Thursday, December 02, 2010

Here is the line up for KRAMPUSNACHT 2010 at Resistor Gallery here in Toronto tonight.
If you've been bad this year I suggest you stay as far away as possible but if you've been a good citizen and shined his shoes every day like me you should come on down. And I hope you RSVP'd.

Krampus Committee 2010 presents
‘Krampusnacht Art Show’
Dec 2, 2010 – Jan 10, 2011 at RESISTOR GALLERY
284 College Street 2nd Floor, Toronto (Map)
OPENING: Thursday, December 2 at 7:30pm – December 3 at 1:00am


• Andrew Heffron • Aaron Costain • Aaron Leighton • Attila Szanyi
• Brian McLachlan •Brandon Steen • Clayton Hanmer • Crankbunny
• Craig Marshall • Chris Stone • Carey Sookocheff • Drazen Kozjan
• Dan Turner • Diego Bergia • Diana McNally • Faez Alidousti
• Hyein Lee • Jessica Fortner • Jesse Jacobs • Jeremy Kai • Janice Kun
• Jason Bone • Julia Breckenreid • Karen Justl • Katy Dockrill
• Luke Ramsey • Mike McDougall • Marek Colek • Matthew Forsythe
• Maylynn Quan • Michael Comeau • Michael Wandelmaier • Pat Shewchuk
• Prashant Miranda • Hayley Morris • Ryan Feely • Randy Knott • Ron Gervais
• Ro Rao • Steve Manale• Steve Wilson • Sarah Lazarovic • Tomori Nagamoto •

What is Krampus? (from Wikipedia)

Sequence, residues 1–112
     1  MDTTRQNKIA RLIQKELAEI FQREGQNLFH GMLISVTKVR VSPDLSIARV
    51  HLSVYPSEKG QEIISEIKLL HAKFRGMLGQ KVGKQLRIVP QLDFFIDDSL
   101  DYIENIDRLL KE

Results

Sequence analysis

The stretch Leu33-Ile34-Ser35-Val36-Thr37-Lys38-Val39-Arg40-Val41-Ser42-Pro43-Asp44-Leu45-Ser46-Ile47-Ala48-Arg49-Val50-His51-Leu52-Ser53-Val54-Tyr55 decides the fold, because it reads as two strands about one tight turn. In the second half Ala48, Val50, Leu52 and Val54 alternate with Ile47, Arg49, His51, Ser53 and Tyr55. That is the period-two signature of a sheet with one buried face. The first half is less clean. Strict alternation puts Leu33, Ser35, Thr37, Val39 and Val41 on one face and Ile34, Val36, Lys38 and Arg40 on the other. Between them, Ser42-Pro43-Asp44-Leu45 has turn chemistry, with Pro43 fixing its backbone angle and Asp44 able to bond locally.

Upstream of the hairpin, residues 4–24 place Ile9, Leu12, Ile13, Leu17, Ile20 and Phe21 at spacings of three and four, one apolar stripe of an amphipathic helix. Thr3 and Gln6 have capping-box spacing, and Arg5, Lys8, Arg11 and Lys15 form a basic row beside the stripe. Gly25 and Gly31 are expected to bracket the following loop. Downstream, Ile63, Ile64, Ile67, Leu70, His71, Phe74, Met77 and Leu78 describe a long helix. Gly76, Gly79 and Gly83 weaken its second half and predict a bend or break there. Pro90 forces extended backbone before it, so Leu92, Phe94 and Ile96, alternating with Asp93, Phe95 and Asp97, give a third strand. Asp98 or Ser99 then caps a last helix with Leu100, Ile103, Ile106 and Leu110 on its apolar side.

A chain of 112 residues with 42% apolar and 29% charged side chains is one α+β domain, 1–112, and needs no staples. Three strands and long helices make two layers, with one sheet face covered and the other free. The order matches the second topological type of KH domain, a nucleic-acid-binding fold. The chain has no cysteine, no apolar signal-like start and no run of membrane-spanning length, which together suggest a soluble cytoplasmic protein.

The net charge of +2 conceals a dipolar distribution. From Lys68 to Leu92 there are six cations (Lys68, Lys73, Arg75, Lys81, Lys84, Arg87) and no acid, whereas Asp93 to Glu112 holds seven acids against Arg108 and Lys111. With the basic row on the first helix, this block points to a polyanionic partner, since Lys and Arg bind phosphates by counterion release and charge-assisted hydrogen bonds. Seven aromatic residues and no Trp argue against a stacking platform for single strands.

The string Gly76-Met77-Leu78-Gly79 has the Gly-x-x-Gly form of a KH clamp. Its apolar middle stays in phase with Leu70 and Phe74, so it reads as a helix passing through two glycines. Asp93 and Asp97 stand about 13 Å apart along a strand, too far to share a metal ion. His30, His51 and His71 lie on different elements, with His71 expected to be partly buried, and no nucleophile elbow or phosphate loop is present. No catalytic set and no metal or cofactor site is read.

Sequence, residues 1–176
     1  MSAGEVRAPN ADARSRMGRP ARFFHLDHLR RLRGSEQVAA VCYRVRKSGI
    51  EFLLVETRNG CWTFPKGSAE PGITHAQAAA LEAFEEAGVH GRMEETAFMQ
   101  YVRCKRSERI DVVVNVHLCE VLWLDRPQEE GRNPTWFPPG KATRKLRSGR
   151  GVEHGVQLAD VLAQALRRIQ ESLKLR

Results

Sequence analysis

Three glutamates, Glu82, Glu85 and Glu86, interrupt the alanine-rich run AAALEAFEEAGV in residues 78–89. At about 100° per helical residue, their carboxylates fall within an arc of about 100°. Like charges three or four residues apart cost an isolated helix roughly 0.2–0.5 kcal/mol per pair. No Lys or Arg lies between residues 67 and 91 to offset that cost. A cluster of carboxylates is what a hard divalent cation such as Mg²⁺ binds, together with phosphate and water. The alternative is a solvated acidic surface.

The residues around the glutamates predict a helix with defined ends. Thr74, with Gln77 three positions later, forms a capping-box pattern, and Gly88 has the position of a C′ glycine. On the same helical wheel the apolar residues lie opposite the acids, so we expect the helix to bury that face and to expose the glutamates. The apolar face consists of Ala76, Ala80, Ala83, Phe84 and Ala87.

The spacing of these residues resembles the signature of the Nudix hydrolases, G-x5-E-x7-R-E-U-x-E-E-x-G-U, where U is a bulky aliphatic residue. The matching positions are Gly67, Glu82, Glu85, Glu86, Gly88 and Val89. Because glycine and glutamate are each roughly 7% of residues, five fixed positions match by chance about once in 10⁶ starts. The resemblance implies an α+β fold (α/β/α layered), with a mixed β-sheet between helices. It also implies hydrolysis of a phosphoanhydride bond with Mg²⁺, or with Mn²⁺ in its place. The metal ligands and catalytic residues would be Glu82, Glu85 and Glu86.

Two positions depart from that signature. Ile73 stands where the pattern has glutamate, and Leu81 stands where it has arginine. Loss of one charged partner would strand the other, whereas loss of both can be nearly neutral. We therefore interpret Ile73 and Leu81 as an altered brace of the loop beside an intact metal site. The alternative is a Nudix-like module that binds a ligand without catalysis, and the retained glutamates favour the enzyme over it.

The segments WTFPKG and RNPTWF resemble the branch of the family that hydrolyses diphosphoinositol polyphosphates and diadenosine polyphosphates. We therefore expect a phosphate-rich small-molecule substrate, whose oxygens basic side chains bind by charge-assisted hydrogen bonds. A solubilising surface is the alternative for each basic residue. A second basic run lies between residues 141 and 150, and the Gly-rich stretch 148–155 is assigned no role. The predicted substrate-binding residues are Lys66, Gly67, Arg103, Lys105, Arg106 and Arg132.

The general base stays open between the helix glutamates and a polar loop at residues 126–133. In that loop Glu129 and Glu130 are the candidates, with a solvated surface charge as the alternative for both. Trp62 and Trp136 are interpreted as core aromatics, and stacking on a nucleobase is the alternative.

“Krampus is a mythical creature. In various regions of the world – especially Austria and Hungary – it is believed that Krampus accompanies St.Nicholas during the Christmas season, warning and punishing bad children, in contrast to St. Nicholas, who gives gifts to good children. Due to German and Austrian influence, the myth of Krampus is also prevalent in Croatia, the Czech Republic, Slovakia, Slovenia and northern Italy.
The word Krampus originates from the Old High German word for claw (Krampen). In the Alpine regions, Krampus is represented by an incubus-like creature. Traditionally, young men dress up as the Krampus in the first two weeks of December, particularly on the evening of 5th, and roam the streets frightening children and women with rusty chains and bells. In some rural areas the tradition also includes birching – corporal punishment with a birch rod – by Krampus, especially of young girls. Images of Krampus usually show him with a basket on his back used to carry away bad children and dump them into the pits of Hell.”

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